Puyo’s Guide to Calling Tiles – Part 2

Continuing our translations of Puyo’s blog posts, we have part 2 of his series about calling tiles.

To recap the impact of calling tiles:
Positives: Speed to tenpai increases
Negatives: Hand value decreased, ability to defend is decreased

What about in practice?

Example 1

The opposite player plays

In this situation, should we pon? Using the points above:

Speed increases: There are only two , and we have three other pairs. If we don’t pon, these four pairs will slow down the hand a lot. If we do pon, it also allows us to then call pon for the other pairs later. This is a big difference in potential hand speed.

Value decreases: Keeping a closed hand will give us a minimum 2600 points, and with a chun ankou the hand could easily be a mangan. However, after calling pon our hand would only have 2000 points.

Defense decreases: 2 fewer honor tiles, so defense ability will decrease

Considering these aspects, although our points will drop a lot, the speed increase is also substantial, and it’s enough to compensate for the downsides. In this situation, calling is the correct decision.

Example 2

Opposite player plays

Speed increases: After calling pon, other tiles are isolated, and it will be difficult to get to tenpai.

Value decreases: After calling pon, the hand value will only be 1000 points. That said, we have no dora, so even a closed hand will struggle for value.

Defense decreases: 2 fewer honor tiles, so defense ability will decrease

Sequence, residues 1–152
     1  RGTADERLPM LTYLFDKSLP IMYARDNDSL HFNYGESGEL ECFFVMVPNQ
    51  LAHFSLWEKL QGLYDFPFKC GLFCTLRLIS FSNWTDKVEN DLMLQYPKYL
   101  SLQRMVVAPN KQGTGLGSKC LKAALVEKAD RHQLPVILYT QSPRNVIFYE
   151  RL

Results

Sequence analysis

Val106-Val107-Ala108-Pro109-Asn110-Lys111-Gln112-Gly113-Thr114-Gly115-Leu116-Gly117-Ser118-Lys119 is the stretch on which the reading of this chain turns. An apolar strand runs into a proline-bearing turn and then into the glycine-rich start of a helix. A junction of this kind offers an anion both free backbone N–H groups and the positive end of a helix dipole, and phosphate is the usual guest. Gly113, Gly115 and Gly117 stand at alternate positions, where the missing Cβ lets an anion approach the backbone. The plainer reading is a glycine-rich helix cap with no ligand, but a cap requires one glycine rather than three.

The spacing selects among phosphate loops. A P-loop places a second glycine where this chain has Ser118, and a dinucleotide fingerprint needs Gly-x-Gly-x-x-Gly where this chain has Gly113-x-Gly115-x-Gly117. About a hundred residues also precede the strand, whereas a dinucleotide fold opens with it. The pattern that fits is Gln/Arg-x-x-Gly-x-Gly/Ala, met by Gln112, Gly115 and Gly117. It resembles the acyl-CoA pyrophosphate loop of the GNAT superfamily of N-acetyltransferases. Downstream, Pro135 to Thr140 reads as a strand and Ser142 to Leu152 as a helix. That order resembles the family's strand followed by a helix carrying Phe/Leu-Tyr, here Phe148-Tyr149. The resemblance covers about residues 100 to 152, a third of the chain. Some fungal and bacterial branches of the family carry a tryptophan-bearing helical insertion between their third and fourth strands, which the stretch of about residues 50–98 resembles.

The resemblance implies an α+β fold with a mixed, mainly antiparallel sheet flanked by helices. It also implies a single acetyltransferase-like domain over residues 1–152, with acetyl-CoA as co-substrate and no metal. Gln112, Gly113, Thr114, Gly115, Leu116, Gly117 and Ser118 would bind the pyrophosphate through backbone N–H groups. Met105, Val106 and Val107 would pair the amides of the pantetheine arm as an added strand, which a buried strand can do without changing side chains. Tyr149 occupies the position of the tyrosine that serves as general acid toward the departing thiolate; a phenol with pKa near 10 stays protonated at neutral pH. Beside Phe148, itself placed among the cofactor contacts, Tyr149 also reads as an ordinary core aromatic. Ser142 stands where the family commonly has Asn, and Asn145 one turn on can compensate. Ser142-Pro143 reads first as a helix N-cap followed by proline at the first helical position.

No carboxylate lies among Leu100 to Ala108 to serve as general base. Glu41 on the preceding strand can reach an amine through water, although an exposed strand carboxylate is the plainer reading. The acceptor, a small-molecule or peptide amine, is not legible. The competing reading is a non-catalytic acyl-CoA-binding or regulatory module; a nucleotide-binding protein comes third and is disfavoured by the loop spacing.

In this situation, the benefit is low, so we shouldn’t pon. There is a very high chance that we will throw the pair of as safe tiles later.

Example 3

Upper plays


Speed increases: The dora indicator is clearly the critical tile in this hand. After chii it will be a ryanmen wait, giving us a very high chance of winning. If we don’t chii, there is a low chance anyone else will play 6s or that we draw it.

Value decreases: After calling we have 3900, compared to a closed hand being minimum 5200, and probably mangan.

Defense decreases: Calling will leave us with fewer tiles, but the entire hand consists of middle tiles, so our defense power is low anyway. Losing a few tiles won’t make a big difference.

This is very clearly a call, especially if we are dealer.

The above were typical situations that we will encounter. Of course, during a real match there may not be enough time to analyze the situation in such detail. The next article will provide some rules of thumb that can help us make faster decisions.

In part 3 we’ll look further at some of the situational trade-offs with calling tiles.

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